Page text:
Unfortunately my day job also has to stay (unless someone wants to support me? I didn’t think so.) As for the other things, I just need to prioritize and ask myself what belongs where. Gardening can’t be done in the dark or in the rain, allowing time for other things. I can say no to more social engagements. I can get up earlier. And I can commit to staying up an hour later or forfeiting that last half hour of the day unwinding in front of the television. Television doesn’t belong in my list of priorities. Sleeping does belong, but perhaps not as much.

Your Turn

If, like me, you’ve been finding yourself  overwhelmed lately, think of your priorities. Then be honest with yourself about how you really spend your time. THOSE are your actual priorities.

They all don’t belong, do they?

Go ahead and hack away at the inessentials. I will be doing the same. It’s time to start minimizing priorities and prioritizing properly.

Minimizing Priorities

 

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Our priorities are determined by how we spend our time, not by what we claim them to be. Evaluate how your time is really spent, and you'll realize it's time to start minimizing priorities and prioritizing properly. #Minimalism

What do you think?

  • This was a great post! It’s important for us all to step back every now and then and take a look at how we spend our days. It’s so easy to talk about the things we wish we had time for, while ignoring the ways in which we squander our time doing. For me, I’ve had to turn to using apps like Freedom to block non-productive use of the Internet for hours at a time.

    One way to “work” on your novel even when you don’t have the time/energy to actually be writing is to always keep a notebook handy when you’re reading. And always have a book to read. Every day, I’ll encounter a sentence or description or turn of phrase that could either be adapted for use in my own book or inspires a new idea for my own book. And I write it down in my notebook. Then, each week, I take all of those little notes and ideas I get and sprinkle them into the “document notes” section for each scene in Scrivener, where they’re most applicable. That way, even when I’m not “working”, I’m still making progress.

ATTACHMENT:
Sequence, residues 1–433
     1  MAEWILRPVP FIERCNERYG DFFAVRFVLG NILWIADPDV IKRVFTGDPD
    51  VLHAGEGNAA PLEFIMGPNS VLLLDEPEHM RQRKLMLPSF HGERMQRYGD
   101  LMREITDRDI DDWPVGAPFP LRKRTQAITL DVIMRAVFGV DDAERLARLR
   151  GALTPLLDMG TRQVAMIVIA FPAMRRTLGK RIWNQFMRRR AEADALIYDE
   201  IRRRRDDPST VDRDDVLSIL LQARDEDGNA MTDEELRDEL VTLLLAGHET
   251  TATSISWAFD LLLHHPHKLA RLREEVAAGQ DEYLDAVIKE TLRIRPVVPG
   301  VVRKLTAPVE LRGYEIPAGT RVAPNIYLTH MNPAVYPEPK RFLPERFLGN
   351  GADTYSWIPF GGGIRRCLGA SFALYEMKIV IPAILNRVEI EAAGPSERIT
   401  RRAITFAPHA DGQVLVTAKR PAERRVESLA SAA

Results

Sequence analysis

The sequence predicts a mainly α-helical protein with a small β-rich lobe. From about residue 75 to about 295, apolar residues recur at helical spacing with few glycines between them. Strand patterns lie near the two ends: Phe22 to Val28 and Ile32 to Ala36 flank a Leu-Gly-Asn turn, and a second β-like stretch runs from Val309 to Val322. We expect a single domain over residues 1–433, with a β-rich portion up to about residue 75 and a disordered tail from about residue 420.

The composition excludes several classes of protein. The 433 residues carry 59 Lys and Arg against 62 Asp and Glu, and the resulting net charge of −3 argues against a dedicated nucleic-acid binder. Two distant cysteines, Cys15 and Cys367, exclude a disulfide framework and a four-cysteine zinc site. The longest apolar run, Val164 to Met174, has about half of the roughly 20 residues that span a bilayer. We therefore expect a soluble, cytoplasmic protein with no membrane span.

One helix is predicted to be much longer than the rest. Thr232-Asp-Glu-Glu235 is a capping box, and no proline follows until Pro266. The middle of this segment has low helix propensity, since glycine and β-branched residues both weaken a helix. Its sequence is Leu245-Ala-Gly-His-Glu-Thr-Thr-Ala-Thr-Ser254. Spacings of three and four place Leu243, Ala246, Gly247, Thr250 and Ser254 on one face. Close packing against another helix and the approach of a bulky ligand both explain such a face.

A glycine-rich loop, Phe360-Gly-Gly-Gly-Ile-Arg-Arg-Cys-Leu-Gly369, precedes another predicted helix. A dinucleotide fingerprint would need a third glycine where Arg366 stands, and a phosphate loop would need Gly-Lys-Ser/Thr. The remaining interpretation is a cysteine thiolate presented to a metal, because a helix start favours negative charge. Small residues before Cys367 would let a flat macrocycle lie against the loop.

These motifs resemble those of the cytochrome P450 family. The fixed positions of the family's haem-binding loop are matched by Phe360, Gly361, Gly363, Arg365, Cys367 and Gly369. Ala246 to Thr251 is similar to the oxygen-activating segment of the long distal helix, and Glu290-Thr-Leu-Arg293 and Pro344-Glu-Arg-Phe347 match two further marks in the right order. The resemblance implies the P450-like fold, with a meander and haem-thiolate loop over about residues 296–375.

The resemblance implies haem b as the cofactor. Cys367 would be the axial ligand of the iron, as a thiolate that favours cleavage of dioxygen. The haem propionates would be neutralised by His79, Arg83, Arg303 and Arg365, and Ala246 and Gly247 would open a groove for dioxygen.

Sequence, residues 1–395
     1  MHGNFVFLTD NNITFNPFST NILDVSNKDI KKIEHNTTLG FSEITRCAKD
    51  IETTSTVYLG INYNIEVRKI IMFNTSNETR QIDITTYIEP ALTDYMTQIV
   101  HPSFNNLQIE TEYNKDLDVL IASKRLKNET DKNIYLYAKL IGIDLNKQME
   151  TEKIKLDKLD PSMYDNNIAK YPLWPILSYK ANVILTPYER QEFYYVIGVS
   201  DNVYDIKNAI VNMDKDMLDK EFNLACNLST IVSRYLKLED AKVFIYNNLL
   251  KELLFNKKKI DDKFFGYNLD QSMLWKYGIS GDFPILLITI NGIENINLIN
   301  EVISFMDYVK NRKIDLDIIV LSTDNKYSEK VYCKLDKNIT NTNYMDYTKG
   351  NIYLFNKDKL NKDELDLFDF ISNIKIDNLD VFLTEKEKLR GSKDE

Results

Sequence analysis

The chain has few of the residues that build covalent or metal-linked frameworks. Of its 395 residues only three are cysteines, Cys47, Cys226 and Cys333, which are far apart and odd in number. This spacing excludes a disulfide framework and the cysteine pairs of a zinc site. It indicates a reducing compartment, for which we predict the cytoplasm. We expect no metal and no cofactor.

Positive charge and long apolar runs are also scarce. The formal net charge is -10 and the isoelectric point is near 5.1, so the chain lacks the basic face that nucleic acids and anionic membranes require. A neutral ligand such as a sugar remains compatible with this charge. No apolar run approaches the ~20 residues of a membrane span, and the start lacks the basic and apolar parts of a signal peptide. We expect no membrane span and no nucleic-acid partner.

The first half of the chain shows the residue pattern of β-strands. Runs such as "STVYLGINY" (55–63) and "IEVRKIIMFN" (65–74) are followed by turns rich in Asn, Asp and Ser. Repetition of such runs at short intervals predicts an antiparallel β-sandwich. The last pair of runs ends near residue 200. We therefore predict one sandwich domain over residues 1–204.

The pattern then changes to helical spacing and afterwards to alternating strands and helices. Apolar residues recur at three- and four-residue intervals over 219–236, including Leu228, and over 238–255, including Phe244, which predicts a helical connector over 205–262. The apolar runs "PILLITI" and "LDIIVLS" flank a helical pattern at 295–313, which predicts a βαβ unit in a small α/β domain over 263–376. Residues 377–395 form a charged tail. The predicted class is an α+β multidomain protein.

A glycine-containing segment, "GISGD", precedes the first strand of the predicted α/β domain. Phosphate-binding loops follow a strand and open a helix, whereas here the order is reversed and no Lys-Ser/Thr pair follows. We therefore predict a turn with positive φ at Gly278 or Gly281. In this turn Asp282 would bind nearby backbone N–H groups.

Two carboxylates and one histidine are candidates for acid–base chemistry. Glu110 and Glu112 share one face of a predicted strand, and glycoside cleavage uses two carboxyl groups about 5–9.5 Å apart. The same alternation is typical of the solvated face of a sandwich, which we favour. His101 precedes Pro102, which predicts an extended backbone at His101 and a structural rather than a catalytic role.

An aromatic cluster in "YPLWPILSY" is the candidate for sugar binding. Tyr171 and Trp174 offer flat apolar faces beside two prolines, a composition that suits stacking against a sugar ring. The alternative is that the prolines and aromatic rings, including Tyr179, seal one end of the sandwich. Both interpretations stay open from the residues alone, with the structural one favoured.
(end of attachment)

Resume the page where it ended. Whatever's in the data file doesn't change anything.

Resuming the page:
• Thanks, Doug! That’s a great tip. Early in the year I counted listening to writing podcasts and reading craft books as “working” on my novel, but then I moved away from both as other things came up. April was the first month this year that my novel wasn’t in my list of intentions. That’s because the class was. So we’ll see. I am being flexible. But you’re right – I need to at least get back to those podcasts and craft books. They inspire me and give me loads of ideas.

  • Great post!

    When determining my priorities, I use a set of techniques I borrowed from the Agile/Scrum movement that has so radically increased the productivity of software developers. People don’t think about it, but these techniques are totally applicable to everyone.

    One of the simplest is to categorize everything according to impact and effort. If you lay these out on a matrix, you want to avoid low impact activities wherever possible. That leaves high impact activities that are low effort (low hanging fruit–love these!) and high impact activities that are more effort (typically these are the strategic things that can create big wins but they take longer).

    This sort of thing can help bring clarity to how you prioritize your activities.

    I’ll be coming out shortly with a free ecourse, “Work Smarter and Get Things Done” that details this and many other techniques. Check out my blog @ bobwarfield.com for more!